2006, From My Perspective


As I peruse my expectations for the year that is nearly at an end, I am reminded of the futility of any sort of prediction where it regards modern technology. Who could have predicted the runaway success of YouTube, the continuing absence of the iPhone (which, by the way, I will not mention as part of any wishful thinking I may yet find the time to write down regarding 2007), or that I would be designing T-Shirts?

Or (on a more nationally-related note), that we would see Sonae's takeover bid be approved by the local competitive regulator (with the opposition of the telecoms regulator and most sane individuals in the industry), potentially creating a de facto, reinforced monopoly to replace an incumbent, eroding one? (More on that in the coming months, but basically this put a lot of things on hold, and ten months of controversy and paralysis aren't going to be forgotten that easily).

Anyway, my meditations regarding this year are mostly personal. There has been entirely too much going on (not all of it bright and peachy), and very little of it has to do with technology. I'm still trying to get used to a bunch of changes (a few lifestyle, a few professional, all of them stress-related), and keeping this site going has been a great way to unwind, but it's noticeable that I don't have as much time to write, code, or generally fool around as I used to.

Then again, I'm not sleeping just five hours a day anymore.

But back when I did, I had a few things to look forward regarding 2006, and now, with the benefit of hindsight, I can say that:

  • Yes, Earth for the Mac is still as awe-inspiring as that first alpha I saw, and it's seen quite a few improvements (not the least of which was the interface, which is now more tolerable). That one worked out great.
  • Having a full-blown Apple store here in Portugal hasn't happened yet (and I won't risk any predictions), but things seem to be a smidgeon more efficient, at least by local standards (which, to be honest, isn't saying much - I expect to be one of the many pilgrims paying homage in the London store next time I want some minor accessory).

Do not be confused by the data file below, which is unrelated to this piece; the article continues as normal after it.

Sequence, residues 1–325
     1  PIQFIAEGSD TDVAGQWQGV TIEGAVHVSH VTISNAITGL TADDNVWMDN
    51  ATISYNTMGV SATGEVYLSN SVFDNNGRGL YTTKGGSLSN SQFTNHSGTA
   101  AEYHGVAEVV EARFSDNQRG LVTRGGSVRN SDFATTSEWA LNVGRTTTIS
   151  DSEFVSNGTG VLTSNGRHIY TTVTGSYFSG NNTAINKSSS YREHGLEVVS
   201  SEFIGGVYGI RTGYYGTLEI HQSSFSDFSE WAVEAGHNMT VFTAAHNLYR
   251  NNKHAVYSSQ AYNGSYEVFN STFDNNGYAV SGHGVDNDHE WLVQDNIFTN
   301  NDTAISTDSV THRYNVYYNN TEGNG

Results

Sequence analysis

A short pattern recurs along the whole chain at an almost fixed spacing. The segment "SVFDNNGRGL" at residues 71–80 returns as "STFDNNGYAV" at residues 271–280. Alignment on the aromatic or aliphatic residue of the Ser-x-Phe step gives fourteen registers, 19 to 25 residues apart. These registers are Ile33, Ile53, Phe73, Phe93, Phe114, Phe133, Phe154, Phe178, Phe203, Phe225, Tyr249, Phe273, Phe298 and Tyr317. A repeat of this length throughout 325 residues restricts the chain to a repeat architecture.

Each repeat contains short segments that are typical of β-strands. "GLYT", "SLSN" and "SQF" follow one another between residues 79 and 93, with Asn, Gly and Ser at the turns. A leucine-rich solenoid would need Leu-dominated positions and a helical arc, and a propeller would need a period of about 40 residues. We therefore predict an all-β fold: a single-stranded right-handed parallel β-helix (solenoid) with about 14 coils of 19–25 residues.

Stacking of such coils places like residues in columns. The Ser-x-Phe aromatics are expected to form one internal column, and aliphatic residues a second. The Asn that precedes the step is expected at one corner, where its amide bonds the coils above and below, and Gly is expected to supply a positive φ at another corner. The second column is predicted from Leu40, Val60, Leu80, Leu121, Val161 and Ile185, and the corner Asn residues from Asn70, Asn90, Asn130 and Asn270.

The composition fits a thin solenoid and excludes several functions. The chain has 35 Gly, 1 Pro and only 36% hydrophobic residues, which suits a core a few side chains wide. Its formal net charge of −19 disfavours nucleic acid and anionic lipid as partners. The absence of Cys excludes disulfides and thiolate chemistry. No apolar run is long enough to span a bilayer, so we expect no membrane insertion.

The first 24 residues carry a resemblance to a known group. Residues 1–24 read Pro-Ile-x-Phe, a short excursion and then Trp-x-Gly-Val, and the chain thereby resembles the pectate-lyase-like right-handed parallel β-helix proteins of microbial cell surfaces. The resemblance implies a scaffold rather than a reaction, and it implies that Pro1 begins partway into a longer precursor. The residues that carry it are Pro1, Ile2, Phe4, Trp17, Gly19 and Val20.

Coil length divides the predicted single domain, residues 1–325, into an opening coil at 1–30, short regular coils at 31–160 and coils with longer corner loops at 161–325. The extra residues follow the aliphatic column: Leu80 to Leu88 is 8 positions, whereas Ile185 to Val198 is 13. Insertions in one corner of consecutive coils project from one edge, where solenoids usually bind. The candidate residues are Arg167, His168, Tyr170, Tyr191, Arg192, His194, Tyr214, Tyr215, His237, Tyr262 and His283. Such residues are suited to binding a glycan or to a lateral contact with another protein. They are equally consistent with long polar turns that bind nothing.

• Yes, the ultra-thin 13" black PowerBook came true. Or as close to it as possible, and my black MacBook is humming along on my lap to prove it. I would probably be happier if it was a little smaller and thinner, but I won't make a fuss of it.
  • As to the Tiger bugs, well... That one was a close miss. 10.4.8 is noticeably more stable than earlier versions, but you have to wonder just how long it would take for Tiger to be "fixed". Let's see what Leopard will be like.
  • FInally (where it relates to the Mac), we not only have working Virtualization, but also actual competition. Fusion isn't really finished yet, but Parallels is already giving it a run feature-wise for its money (and ours), so this can only get better. Me, I'll eventually swing to Fusion, but I can wait until they sort out the bugs.

On other fronts:

  • Battlestar Galactica is still one of the few things I actually want to watch on TV. Reverse engineering the camera angles, the scene moods, the character interplay, etc. is actually worth it, something that not many Sci-Fi series can claim.
  • WiMax is still getting soundly trounced by HSDPA in Europe. Lacking regulatory framework, competitive equipment and (most of all) actual solutions to existing problems, it is pretty much stuck in the mud. I expect that to change, but not just yet.
  • VoIP, as far as I'm concerned, pretty much ran away with the show as far as Telecommunications are concerned, but I found it amazing that so little coherent strategy was enacted and made public (there are better things waiting in the wings, although I can't really comment). Maybe it's just a matter of timing. Whatever the reason, the Asterisk upstarts aren't standing still (version 1.4.0 is out, and it's sure to be as disruptive to the SIP world as Apache was to the HTTP crowd).
  • Ah, music phones. Who really cares about them? And what about those new iPods, huh?
  • And, finally, Web 2.0. No matter how much I like clicking on things, I still haven't found any evidence that it's any sort of real upgrade. What is being upgraded are the business models, although at the expense of a Darwinian-cum-combinatorial explosion of VC-mutated corporate DNA that is yet to be properly culled by market forces. In short, there won't be that many YouTubes - whatever they turn out to be.

Still, it was mostly a good year. Confusing, hectic, sometimes painful, but all things considered, it could have turned out a lot worse.

Heck, I could have (permanently) switched to Ubuntu, for one thing.


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